Psychopharmacology

, Volume 155, Issue 3, pp 292–298

Compounds with affinity for serotonergic receptors in the treatment of premenstrual dysphoria: a comparison of buspirone, nefazodone and placebo

Authors

  • Mikael Landén
    • Section of Psychiatry, Institute of Clinical Neuroscience, Sahlgrenska University Hospital/Mölndal, 431 80 Mölndal, Sweden
  • Olle Eriksson
    • Department of Women's and Children's Health, Section for Obstetrics and Gynecology, Uppsala University, Uppsala, Sweden
  • Charlotta Sundblad
    • Department of Pharmacology, Institute of Physiology and Pharmacology, Göteborg University, Göteborg, Sweden
  • Björn Andersch
    • Department of Gynecology and Obstetrics, Göteborg University, Göteborg, Sweden
  • Tord Naessén
    • Department of Women's and Children's Health, Section for Obstetrics and Gynecology, Uppsala University, Uppsala, Sweden
  • Elias Eriksson
    • Department of Pharmacology, Institute of Physiology and Pharmacology, Göteborg University, Göteborg, Sweden
Original Investigation

DOI: 10.1007/s002130100718

Cite this article as:
Landén, M., Eriksson, O., Sundblad, C. et al. Psychopharmacology (2001) 155: 292. doi:10.1007/s002130100718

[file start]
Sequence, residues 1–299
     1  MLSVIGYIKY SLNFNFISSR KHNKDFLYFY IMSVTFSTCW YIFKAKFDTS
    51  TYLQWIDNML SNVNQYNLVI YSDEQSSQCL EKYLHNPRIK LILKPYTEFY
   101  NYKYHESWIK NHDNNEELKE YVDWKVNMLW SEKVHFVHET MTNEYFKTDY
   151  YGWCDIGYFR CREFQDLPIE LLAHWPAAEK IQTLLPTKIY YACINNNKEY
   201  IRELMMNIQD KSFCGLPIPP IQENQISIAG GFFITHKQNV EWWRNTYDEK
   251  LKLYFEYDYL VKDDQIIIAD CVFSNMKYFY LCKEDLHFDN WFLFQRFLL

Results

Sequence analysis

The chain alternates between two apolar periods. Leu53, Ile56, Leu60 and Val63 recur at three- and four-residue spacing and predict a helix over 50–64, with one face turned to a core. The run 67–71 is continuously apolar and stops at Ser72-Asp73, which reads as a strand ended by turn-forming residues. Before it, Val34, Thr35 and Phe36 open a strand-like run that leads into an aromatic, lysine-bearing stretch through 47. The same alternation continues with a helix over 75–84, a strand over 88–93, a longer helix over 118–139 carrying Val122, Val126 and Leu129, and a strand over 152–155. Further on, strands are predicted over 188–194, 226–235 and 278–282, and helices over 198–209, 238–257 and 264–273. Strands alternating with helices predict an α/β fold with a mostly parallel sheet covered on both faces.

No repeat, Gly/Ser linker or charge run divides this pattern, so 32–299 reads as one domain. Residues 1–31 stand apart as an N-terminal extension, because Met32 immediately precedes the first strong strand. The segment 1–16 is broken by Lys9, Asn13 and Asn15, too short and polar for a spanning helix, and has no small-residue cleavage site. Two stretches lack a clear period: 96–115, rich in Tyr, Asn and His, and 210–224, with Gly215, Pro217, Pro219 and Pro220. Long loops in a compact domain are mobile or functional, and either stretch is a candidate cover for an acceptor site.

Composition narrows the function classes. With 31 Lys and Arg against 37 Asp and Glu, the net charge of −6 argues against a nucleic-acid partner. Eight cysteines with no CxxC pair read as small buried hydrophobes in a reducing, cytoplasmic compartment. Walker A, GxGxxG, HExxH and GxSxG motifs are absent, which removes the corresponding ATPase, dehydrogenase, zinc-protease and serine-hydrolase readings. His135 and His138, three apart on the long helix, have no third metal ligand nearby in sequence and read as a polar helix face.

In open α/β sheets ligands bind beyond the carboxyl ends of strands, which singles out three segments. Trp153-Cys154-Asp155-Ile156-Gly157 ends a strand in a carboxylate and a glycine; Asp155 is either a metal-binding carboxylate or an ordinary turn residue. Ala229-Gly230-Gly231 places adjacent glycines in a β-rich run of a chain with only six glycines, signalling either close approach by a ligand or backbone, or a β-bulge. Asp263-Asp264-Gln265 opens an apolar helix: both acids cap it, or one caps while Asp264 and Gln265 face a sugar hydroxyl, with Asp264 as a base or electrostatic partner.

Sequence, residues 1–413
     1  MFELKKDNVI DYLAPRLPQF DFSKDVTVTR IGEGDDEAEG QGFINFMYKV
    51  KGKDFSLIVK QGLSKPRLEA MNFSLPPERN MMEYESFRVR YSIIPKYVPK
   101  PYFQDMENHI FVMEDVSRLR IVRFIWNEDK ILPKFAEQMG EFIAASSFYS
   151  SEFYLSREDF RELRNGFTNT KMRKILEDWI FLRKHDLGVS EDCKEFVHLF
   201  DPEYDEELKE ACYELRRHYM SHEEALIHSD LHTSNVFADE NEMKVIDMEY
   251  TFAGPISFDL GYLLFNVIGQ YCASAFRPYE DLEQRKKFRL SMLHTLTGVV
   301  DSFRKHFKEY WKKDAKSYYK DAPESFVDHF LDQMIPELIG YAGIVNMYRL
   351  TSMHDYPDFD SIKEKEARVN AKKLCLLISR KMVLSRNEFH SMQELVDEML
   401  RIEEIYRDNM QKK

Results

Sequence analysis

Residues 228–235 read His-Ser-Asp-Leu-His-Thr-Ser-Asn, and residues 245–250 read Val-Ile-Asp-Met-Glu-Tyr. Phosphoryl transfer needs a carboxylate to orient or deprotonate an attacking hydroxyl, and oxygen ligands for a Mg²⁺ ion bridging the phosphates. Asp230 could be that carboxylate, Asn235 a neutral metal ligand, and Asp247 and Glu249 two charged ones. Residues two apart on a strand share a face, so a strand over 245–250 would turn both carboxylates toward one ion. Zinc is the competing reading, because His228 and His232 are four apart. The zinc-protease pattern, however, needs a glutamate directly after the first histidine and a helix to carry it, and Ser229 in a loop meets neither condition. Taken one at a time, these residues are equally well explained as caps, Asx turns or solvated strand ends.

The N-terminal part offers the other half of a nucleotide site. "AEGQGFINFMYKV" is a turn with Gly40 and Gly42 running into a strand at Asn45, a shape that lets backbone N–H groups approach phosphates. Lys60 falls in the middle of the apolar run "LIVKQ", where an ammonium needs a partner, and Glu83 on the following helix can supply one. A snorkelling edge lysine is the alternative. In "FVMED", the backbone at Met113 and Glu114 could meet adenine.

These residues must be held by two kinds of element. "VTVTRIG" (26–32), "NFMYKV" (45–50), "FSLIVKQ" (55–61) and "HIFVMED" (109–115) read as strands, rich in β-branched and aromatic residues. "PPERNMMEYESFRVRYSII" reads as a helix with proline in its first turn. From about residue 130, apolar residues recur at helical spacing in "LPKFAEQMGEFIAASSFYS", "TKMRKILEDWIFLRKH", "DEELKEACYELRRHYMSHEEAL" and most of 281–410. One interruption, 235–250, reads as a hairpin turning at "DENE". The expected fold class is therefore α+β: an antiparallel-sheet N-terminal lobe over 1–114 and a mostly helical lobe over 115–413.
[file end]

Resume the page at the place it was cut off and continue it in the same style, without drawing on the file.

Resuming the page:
Abstract.

Rationale: It is well established that serotonin reuptake inhibitors (SRIs) are effective for the treatment of premenstrual dysphoria (PMD), but the receptor subtype(s) mediating this effect of serotonin have yet not been identified. Objective: In this trial, the possible efficacy of buspirone, a partial 5HT1A receptor agonist, and nefazodone, a combined SRI and 5HT2 receptor antagonist, was evaluated in women with PMD. Methods: After a three-menstrual-cycle screening phase, patients were randomised to buspirone (n=19), nefazodone (n=22) or placebo (n=22). During the first two treatment cycles, patients were taking the drug during the luteal phase only (mean ± SD daily dose of buspirone: 21±6 mg; nefazodone: 228±54 mg). During the subsequent two cycles, the medication was taken each day of the menstrual cycle (mean daily dose of buspirone: 27±10 mg; nefazodone: 304±95 mg). Results: With respect to self-rated global improvement, buspirone (P<0.001) but not nefazodone was significantly superior to placebo. While buspirone appeared to reduce self-rated irritability (visual analogue scale) more effectively than placebo, other self-rated symptoms did not differ markedly between the groups. The side-effects were mild, and sexual dysfunction was not significantly more common in patients given buspirone or nefazodone than in those given placebo. Conclusion: It is suggested that buspirone is mildly effective for premenstrual irritability. In patients experiencing sexual dysfunction when treated with an SRI, buspirone may be a useful alternative.

Premenstrual dysphoria Placebo-controlled Nefazodone Buspirone Sexual dysfunction

Copyright information

© Springer-Verlag 2001